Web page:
| || |
The Jewels of
3-issue mini-series, from a Robert Howard story.
May to June 2005.
Preview for issue 1, issue 2 and issue 3.
Collected in December 2005.
Craig Russell is working with one of his favorite writers, another dead
one of course, and I must say that, even if I have no fondness for the
character, he makes it look fun and highly readable.
story, Conan tries to put his hand on another hidden treasure and finds
himself in the middle of a religious rivalry. The interesting thing is
that a character I associate more with brawls than brains is here
manipulating people and only resorts to violence when he has no choice.
Russell does not shy away from showing violence and corpses. It's
rather shocking to see the combination of Russell's very elegant line
with gruesome subject matter, and it works very well. Conan is here a
young man in his prime, and, well, he's really cute in a stocky kind of
way. As you can see from the pages on the left, Russell also gives us
some of his famed highly detailed narration. All that made for a very
entertaining read, even more than I thought it would be, and I'm sure
it's going to become a favorite among Conan fans.
| || |
A 190-page adaptation of Neil Gaiman's novel for kids.
Harper Collins (a 38-page
here is another collaboration with Neil Gaiman, this time for a weird,
horror story for the young readers.
Coraline is a young girl
who moves into an old house with her parents. She soon discovers a
door, seemingly walled, but which in fact leads to another world where
copies of her parents welcome her--copies with black buttons instead of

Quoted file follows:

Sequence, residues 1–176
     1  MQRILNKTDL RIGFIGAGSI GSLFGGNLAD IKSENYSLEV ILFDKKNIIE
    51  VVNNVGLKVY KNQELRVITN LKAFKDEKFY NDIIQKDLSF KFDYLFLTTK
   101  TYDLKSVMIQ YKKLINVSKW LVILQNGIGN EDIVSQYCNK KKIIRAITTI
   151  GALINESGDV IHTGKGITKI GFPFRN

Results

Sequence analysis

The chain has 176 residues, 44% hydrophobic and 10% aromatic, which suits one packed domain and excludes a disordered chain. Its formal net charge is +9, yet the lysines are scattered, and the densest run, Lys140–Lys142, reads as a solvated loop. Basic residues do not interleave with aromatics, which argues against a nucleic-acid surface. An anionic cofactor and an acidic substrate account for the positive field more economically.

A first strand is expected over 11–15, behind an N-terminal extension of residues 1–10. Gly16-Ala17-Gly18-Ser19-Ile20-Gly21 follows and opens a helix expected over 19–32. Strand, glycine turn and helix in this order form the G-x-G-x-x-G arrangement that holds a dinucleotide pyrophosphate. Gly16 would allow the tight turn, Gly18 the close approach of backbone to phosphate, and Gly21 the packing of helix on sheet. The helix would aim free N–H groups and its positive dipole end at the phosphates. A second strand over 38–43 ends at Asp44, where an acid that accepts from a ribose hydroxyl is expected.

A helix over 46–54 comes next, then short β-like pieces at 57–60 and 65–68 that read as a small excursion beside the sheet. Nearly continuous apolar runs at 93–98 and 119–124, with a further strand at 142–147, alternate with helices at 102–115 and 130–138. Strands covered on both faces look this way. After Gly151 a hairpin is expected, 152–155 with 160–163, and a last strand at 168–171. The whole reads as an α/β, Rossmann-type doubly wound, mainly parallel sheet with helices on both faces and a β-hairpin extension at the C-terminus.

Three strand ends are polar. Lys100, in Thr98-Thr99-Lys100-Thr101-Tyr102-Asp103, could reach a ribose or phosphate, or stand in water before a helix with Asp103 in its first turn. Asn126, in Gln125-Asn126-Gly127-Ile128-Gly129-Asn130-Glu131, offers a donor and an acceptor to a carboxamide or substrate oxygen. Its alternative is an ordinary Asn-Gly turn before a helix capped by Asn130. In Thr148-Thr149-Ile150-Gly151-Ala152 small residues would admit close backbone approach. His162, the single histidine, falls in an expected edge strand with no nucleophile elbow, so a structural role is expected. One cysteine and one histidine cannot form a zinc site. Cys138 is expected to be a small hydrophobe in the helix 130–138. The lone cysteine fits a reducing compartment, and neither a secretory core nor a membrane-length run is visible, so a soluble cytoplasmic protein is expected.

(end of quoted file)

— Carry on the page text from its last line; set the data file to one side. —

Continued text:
eyes. And her Other Mother, as she calls herself, doesn't have any good
Craig Russell gives us a wonderful
interpretation of Gaiman's novel, blending real life and fantasy
elements in a way that makes the reader empathize with Coraline's
feelings as she explores her new worlds, the usual, boring one, and the
hidden, at first exciting one. Gaiman has written a story that
resonates probably more with kids (there are missing parents, dead
children's ghosts, a talking cat, etc.), but since he never looks down
on his young audience, older readers can get on the train and enjoy
Russell hasn't drawn a lot of horror, and even
though this isn't full of blood and dismemberment, some of the panels
are filled with unease and disrturbing imagery. There's much atmosphere
here, and it shows again that fiction intended for kids can be
enthralling for adults.
The Vampire of Prague.
19-page story written by Mike Mignola.
The Troll Witch and others (vol. 7 of the collected Hellboy),
Dark Horse, 2007.
site for another preview page.
Craig Russell has drawn this story pitting Hellboy against, well, a
vampire in Prague especially for the collection.
It's a fun
little tale with Hellboy chasing a vampire card player who drinks the
blood of whomever loses against him. Yeah, weird. It's full of humor,
done in the cartoony style of PCR, and the storytelling is, as usual,
very impressive. And you get PCR drawing famous places and statues in
Prague. It can't get any better than that!
The Deam Hunters.
four-issue mini-series, DC/Vertigo, 2008-2009.
has been published.